Analysis of John Dryden’s Annus Mirabilis

With Annus Mirabilis: The Year of Wonders, 1666  John Dryden published his first major nondramatic poem, and his last major poem utilizing the heroic quatrain format. In addition to its subtitle, The Year of Wonders, 1666, the work contained an explanation beneath the title identifying those wonders: “AN HISTORICAL POEM: CONTAINING THE PROGRESS AND VARIOUS SUCCESSES OF OUR NAVAL WAR WITH HOLLAND, UNDER THE CONDUCT OF HIS HIGHNESS PRINCE RUPERT, AND HIS GRACE THE DUKE OF ALBEMARLE, AND DESCRIBING THE FIRE OF LONDON.” Dryden labeled it a historical poem, explaining in his introductory material that written wit “is that which is well defin’d, the happy result of thought or product of that imagination.” He continues, “But to proceed from wit in the general notion of it to the proper wit of an heroic or historical poem, I judge it chiefly to consist in the delightful imaging of persons, actions, passions, or things.”


Critics have judged Dryden’s critical material almost as valuable as the verses that follow, as he continues explaining his approach by comparing it to that of the classical writers Lucan, VIRGIL, and Ovid. He notes that description must be “dress’d in such colours of speech that it sets before your eyes the absent object as perfectly and more delightfully than nature.” He next describes what he calls the three elements representing the “happiness of the poet’s imagination.” The first happiness is “invention, or finding of the thought,” while the second “is fancy, or the variation, driving or moulding of that thought, as the judgment represents it proper to the subject.” In his opinion, Ovid most famously accomplishes those happinesses. Virgil best accomplishes the third happiness, which is “elocution, or the art of clothing and adorning that thought so found and varied, in apt, significant, and sounding words.” All three remain crucial to proper execution, as “quickness in the imagination” remains responsible for “invention, the fertility in the fancy, and the accuracy in the expression.”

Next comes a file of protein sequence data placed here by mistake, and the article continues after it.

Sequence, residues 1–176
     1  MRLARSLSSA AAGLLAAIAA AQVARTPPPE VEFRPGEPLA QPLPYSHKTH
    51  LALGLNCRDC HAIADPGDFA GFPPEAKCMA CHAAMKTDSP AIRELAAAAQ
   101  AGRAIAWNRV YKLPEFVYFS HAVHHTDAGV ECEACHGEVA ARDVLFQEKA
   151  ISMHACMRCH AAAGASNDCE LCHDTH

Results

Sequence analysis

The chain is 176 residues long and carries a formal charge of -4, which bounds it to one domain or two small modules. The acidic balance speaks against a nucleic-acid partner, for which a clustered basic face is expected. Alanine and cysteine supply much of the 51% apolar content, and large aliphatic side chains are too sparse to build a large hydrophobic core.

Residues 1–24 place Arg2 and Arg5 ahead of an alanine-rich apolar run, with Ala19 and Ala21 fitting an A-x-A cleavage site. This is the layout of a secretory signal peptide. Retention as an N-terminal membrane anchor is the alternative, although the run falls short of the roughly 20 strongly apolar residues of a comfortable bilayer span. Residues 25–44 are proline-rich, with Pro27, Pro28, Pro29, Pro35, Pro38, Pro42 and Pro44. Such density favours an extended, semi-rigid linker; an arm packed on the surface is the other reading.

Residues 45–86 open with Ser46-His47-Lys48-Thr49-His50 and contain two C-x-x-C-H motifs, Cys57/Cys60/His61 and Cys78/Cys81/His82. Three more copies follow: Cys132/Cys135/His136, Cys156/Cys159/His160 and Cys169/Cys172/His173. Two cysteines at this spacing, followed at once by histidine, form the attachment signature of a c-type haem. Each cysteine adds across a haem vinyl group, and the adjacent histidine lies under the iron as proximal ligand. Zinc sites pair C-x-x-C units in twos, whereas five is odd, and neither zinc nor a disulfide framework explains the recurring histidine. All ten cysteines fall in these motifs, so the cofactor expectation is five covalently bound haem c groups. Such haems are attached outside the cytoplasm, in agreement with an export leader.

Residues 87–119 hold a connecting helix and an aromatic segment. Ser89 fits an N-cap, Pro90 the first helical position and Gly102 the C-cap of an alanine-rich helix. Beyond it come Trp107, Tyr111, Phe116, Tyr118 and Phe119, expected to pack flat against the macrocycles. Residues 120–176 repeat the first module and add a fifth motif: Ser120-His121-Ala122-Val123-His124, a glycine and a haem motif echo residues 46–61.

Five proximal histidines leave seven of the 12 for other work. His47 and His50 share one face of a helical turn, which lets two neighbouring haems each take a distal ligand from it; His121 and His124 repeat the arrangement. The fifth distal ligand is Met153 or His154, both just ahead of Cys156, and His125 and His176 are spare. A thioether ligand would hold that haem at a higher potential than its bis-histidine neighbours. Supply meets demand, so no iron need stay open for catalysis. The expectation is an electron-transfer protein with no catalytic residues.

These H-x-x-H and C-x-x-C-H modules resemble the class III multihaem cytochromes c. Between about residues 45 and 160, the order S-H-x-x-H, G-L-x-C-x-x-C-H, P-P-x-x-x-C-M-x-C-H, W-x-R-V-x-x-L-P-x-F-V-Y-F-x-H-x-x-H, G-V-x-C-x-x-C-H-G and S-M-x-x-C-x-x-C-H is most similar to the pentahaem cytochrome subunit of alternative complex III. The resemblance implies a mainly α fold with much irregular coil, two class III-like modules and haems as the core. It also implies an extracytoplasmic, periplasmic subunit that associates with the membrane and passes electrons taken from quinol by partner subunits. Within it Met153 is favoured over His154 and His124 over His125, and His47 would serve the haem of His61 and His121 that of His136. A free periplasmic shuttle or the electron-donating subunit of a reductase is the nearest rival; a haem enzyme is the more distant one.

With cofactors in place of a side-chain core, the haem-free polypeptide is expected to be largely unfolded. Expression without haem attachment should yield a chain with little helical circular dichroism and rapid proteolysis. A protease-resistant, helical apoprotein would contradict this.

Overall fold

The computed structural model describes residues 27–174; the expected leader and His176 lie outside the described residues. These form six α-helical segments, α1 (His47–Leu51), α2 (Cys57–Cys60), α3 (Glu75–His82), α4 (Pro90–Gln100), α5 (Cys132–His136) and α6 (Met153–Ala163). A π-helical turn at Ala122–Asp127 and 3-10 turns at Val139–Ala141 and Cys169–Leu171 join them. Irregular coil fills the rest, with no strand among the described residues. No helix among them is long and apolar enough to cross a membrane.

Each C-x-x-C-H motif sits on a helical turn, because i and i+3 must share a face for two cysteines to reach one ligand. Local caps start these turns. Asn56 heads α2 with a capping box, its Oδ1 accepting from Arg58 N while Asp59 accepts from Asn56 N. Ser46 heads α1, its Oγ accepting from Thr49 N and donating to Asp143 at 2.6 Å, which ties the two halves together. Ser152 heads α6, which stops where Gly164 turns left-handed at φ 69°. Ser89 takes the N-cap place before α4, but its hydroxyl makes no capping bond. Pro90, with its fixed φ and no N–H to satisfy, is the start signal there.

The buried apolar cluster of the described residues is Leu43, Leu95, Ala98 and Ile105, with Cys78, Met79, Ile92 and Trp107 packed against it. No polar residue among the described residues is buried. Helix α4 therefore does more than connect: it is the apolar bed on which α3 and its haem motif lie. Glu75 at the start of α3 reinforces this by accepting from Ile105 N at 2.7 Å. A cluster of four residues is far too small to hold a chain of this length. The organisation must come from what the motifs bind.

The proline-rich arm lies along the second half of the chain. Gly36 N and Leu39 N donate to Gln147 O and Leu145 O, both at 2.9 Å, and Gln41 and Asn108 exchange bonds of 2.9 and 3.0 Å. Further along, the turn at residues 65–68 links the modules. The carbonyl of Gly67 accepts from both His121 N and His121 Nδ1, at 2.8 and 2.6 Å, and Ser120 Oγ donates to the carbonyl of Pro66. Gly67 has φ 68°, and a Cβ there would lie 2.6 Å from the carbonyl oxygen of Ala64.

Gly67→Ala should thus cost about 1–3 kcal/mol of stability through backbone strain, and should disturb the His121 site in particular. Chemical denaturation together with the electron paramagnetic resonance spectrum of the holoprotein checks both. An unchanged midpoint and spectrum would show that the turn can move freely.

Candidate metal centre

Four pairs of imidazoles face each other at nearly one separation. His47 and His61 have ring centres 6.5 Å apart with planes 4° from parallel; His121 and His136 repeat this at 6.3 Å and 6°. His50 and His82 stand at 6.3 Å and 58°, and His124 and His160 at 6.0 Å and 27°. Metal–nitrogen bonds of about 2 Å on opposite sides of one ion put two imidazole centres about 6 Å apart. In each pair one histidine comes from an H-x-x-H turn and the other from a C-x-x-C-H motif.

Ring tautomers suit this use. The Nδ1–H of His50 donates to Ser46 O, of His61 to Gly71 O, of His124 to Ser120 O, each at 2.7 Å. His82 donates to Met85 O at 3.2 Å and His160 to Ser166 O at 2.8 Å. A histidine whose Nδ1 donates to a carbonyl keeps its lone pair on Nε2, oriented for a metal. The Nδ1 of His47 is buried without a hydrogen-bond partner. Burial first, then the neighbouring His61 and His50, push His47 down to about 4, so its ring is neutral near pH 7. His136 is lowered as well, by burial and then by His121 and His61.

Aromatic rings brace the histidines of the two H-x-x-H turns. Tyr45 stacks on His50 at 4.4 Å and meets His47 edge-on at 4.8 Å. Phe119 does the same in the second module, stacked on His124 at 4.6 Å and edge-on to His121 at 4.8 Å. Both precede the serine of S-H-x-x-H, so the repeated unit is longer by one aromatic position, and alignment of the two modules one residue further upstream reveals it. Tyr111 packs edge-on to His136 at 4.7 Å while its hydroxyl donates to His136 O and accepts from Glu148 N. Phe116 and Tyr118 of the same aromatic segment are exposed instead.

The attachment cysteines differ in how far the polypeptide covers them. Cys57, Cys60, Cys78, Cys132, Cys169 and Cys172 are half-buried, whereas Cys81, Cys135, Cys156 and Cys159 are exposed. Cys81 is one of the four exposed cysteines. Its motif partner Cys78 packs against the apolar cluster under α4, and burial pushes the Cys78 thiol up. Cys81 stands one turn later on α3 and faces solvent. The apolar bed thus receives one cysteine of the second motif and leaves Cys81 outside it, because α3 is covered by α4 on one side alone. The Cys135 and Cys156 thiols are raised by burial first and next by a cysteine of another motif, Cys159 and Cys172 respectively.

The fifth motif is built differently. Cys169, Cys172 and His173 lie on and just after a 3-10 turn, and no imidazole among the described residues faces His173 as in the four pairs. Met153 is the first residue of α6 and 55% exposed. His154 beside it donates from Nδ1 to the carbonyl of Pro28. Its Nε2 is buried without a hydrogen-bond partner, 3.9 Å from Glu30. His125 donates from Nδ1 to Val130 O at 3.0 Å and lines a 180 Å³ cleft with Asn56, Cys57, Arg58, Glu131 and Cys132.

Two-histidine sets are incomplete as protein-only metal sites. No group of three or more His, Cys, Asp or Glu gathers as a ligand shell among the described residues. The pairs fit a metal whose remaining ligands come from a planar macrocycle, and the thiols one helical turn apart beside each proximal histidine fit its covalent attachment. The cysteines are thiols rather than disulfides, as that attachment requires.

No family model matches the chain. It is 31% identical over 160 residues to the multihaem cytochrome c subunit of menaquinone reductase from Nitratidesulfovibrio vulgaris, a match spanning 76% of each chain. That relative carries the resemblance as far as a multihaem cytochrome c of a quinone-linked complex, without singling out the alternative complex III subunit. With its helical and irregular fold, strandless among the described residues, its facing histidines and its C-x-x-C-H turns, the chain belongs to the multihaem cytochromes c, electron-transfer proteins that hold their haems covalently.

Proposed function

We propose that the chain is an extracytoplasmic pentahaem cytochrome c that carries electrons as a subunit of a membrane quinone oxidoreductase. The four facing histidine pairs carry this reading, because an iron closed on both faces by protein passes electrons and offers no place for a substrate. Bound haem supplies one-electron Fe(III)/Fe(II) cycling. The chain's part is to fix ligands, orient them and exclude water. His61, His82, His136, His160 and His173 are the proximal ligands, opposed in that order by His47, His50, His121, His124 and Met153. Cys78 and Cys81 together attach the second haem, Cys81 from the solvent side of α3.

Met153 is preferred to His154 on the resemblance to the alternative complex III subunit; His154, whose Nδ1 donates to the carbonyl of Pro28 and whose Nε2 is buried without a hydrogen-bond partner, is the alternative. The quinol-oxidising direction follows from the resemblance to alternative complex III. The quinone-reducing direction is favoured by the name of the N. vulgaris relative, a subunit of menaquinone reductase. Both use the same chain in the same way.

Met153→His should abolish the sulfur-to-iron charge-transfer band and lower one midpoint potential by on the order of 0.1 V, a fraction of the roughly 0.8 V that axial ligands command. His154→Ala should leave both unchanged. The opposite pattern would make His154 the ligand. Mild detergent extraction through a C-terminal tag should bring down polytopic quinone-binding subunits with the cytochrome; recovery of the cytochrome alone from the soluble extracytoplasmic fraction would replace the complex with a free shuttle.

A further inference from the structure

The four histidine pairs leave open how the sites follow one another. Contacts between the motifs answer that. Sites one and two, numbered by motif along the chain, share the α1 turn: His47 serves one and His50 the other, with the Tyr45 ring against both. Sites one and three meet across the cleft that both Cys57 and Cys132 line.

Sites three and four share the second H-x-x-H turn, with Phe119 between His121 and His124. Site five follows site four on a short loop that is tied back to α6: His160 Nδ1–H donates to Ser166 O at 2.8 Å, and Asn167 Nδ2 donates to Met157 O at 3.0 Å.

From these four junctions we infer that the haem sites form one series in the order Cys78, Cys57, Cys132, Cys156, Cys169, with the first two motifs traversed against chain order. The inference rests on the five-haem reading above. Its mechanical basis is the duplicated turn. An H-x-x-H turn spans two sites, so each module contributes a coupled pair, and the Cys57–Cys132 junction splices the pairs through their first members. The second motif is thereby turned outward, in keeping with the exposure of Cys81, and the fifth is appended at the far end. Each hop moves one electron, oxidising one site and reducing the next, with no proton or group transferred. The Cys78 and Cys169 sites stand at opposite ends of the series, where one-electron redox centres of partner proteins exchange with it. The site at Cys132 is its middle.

Dryden well exhibits all of these ideals in his 304 four-line stanzas. He explains that he selects the quatrain “in alternate rhyme, because I have ever judg’d them more noble and of greater dignity, both for the sound and number, than any other verse.” Naturally in telling of miracles, a poet would select a format that imbued a dignified sense of pride. Acknowledging the simplicity of the couplet for easy rhyme, he explains that, by contrast, in the quatrain a poet is challenged to succeed. Poets correctly using this form “must needs acknowledge that the last line of the stanza is to be consider’d in the composition of the first.”